The White House gloated Thursday after U.S. Supreme Court nominee D.C. Circuit Judge Brett Kavanaugh was not mentioned in a report unsealed by the National Archives investigating alleged leaks by Independent Counsel Ken Starr’s office during the Clinton-Lewinsky scandal in the late 1990s.
Houston-based energy giant ConocoPhillips has appointed a Baker Botts LLP corporate partner as its next general counsel, the company confirmed to Law360 on Thursday.
After a high-stakes meeting with D.C. Circuit Judge Brett Kavanaugh on Thursday, Sen. Lisa Murkowski, R-Alaska, kept mum on whether she will support his nomination to the U.S. Supreme Court.
A recently retired West Virginia Supreme Court of Appeals justice pled guilty Thursday to a federal wire fraud charge connected to his personal use of a state-owned vehicle and gas credit card, according to the U.S. Attorney’s Office for the Southern District of West Virginia.
The American Arbitration Association’s recent introduction of an alternative fee arrangement option is a progressive step in making costs more predictable and simplifying budgeting for eligible cases, but it will take time to truly glean whether the move increases interest in the forum, according to general counsel and other legal professionals.
Morgan Lewis & Bockius LLP has added a nine-partner intellectual property team focused on patent prosecution and litigation from McDermott Will & Emery in Orange County, California, the firm announced Wednesday.
The law firms on Law360’s 2018 Regional Powerhouse list are handling some of the biggest deals and most high-profile courtroom battles across eight states, offering clients regional expertise and making a lasting impact on the law at the state and local level.
The 2018 Law360 Diversity Snapshot shows only incremental progress on racial and ethnic diversity in the attorney workforce. At every level of a typical law firm, minority attorney representation increased by less than a percentage point from last year’s survey.
Women have made up over 40 percent of law school students for more than three decades, and they now make up more than half. But our annual survey of the largest U.S. law firms shows that women continue to be underrepresented at all levels.
Connecting with potential prospects is now more challenging due to the EU General Data Protection Regulation, meaning that law firm microsites, blogs and social media will become more valuable than ever. The firms that deploy them strategically will increase their relative visibility and accelerate the rebuilding of their opt-in distribution lists, says Stephan Roussan of ICVM Group.
The growth of litigation funding has only increased the controversy surrounding it. Looking to move beyond the rhetoric for and against the practice, attorney and investment analytics expert J.B. Heaton, of J.B. Heaton PC and Conjecture LLC, attempts an objective analysis of the underlying economics of the litigation funding arrangement.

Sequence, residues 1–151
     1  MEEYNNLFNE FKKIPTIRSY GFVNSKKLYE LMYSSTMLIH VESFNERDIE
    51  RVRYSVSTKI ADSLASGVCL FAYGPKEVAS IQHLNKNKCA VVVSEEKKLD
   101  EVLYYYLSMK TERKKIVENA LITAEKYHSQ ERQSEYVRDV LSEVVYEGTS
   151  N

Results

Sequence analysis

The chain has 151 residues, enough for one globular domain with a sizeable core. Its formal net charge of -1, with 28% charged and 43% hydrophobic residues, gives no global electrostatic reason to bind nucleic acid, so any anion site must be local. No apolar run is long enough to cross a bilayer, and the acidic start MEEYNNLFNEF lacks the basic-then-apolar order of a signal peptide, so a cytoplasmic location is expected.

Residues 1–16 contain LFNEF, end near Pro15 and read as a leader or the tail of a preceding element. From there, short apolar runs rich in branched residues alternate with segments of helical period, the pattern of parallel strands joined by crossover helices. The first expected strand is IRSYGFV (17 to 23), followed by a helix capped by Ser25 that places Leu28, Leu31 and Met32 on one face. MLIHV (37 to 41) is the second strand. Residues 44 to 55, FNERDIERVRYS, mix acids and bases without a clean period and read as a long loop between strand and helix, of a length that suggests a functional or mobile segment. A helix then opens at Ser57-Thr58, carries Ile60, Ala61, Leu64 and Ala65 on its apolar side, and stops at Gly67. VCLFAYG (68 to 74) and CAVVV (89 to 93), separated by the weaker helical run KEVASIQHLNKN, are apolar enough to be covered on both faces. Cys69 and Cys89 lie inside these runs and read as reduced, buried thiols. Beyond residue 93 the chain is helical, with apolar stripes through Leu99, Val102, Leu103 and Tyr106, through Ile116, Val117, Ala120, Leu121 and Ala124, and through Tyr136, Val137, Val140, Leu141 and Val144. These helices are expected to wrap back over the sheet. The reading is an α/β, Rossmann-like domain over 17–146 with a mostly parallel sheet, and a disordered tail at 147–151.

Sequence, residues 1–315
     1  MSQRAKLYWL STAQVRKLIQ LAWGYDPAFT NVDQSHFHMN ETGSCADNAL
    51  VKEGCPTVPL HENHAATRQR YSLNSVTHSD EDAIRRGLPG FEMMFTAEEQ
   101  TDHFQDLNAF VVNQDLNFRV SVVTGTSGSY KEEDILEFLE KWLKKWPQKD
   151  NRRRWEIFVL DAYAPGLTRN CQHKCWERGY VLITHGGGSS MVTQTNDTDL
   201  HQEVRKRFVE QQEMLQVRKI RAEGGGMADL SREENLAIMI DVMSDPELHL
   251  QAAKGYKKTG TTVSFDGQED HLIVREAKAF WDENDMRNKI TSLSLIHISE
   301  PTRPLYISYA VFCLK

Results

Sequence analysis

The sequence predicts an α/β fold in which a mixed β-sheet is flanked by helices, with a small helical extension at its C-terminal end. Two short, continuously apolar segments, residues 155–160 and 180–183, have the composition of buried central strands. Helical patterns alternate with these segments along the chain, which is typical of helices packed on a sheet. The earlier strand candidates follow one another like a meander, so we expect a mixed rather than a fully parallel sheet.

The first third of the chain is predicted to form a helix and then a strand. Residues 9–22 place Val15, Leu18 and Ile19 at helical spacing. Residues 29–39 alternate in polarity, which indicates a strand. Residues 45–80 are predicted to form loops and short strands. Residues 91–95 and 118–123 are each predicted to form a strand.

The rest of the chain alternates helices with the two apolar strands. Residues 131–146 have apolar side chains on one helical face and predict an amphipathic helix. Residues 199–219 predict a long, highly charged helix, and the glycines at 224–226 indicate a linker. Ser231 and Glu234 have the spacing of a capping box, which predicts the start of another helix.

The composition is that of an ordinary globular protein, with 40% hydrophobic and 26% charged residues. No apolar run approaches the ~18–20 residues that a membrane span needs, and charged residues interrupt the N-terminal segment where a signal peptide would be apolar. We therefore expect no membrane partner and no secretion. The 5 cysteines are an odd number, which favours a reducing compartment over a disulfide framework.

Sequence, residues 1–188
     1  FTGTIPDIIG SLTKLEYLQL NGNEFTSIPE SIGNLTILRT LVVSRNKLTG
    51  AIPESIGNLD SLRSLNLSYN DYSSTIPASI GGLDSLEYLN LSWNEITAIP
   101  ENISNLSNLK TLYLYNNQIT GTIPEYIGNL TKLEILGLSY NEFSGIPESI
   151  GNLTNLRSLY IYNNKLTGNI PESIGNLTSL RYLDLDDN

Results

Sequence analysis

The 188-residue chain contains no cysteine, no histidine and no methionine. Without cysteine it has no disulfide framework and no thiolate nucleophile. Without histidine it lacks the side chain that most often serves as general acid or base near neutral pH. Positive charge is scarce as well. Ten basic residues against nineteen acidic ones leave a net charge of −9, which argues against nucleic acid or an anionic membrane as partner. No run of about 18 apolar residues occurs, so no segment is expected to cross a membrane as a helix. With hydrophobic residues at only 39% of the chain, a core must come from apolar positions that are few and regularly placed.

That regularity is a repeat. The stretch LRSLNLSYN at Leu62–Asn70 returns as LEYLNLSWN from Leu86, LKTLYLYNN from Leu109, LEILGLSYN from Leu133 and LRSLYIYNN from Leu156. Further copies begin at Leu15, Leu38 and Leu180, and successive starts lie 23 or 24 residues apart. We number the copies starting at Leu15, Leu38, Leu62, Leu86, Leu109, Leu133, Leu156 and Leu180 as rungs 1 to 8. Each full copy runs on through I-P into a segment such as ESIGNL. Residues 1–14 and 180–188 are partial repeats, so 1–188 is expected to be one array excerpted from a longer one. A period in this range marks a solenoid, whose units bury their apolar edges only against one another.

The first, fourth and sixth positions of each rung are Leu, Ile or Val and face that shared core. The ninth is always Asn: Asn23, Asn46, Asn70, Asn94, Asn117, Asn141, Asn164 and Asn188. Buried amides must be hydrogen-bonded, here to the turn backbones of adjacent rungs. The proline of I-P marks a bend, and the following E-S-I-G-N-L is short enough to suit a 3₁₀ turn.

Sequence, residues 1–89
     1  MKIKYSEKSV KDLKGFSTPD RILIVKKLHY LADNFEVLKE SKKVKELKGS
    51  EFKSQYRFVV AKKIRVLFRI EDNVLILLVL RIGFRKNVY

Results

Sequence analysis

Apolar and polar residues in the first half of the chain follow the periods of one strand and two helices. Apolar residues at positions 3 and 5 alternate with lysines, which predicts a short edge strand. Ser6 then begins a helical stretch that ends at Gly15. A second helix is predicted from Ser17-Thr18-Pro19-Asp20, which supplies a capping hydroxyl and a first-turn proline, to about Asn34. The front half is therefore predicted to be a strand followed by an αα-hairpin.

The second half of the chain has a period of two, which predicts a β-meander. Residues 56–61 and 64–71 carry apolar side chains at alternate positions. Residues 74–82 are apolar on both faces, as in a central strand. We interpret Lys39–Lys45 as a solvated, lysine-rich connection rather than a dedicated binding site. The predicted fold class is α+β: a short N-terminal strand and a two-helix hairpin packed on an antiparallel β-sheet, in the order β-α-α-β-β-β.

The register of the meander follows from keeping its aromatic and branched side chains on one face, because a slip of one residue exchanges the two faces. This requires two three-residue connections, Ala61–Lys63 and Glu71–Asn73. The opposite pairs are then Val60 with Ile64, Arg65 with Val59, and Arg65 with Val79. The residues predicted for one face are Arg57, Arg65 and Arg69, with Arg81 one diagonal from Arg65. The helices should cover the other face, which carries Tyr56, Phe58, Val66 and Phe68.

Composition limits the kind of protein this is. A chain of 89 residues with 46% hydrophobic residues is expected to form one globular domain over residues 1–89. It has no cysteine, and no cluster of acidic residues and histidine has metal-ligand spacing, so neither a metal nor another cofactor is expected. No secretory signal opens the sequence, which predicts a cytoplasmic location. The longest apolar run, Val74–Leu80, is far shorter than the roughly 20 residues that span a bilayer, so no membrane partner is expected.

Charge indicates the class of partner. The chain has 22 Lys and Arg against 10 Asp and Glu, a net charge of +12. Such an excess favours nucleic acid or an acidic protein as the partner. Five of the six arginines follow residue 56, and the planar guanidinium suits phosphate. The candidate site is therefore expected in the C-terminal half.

Courts are acknowledging a shifting consumer preference toward electronic mediums. Proposed changes to Rule 23, scheduled to take effect at the end of this year, will officially provide for the use of electronic notice in class actions — a change that could save parties a significant amount of money, say Brandon Schwartz and Maggie Ivey of Garden City Group LLC.
Today's female lawyers stand on the shoulders of several generations of pioneers. Here, historian Jill Norgren explains how the status of women in the legal profession has changed since the 1870s.
Litigants who proffer data obtained from social networking sites like Facebook, Twitter and Instagram must authenticate that data before it will be admitted as evidence. Attorneys with Pepper Hamilton LLP examine decisions from Pennsylvania and other jurisdictions to determine whether courts are imposing a more demanding standard for social media data than other documentary evidence.
In this discussion based on Richard Susskind's "drivers of change" in the legal industry, Grant Thornton LLP associate counsel Alexandra Newman and Northern District of Illinois law clerk Logan Steiner offer insights into how future appellate lawyers will adapt to increasing technological disruption, demand for lower cost services and competition among service providers.
The current business climate has produced vast opportunities for seasoned lawyers to create valuable connections with millennial business owners, but first lawyers must cleanse their palate of misconceptions regarding millennials, says Yaima Seigley of Isaac Wiles Burkholder & Teetor LLC.
Republican senators recently introduced "The Litigation Funding Transparency Act of 2018" with the purported goal of keeping the civil justice system honorable and fair. However, it would do exactly the opposite by imposing more barriers to entry for claimants trying to bring meritorious lawsuits against massive corporations, says Matthew Harrison of Bentham IMF.
On May 17, 1954, the U.S. Supreme Court decided Brown v. Board of Education, recognizing a moral and legal truth that should be beyond question in American society. The refusal by some of President Donald Trump's judicial nominees to say whether they believe the case was decided correctly is indicative of the narrow-minded elitism they would bring to the bench, says professor Franita Tolson of the University of Southern California's Gould School of Law.
In deciding whether cloud computing is right for the organization or firm, an attorney must consider cloud computing’s significant impact on the electronic discovery process, say Daniel Garrie, managing partner at Law & Forensics LLC, and David Cass, chief information security officer at IBM Cloud.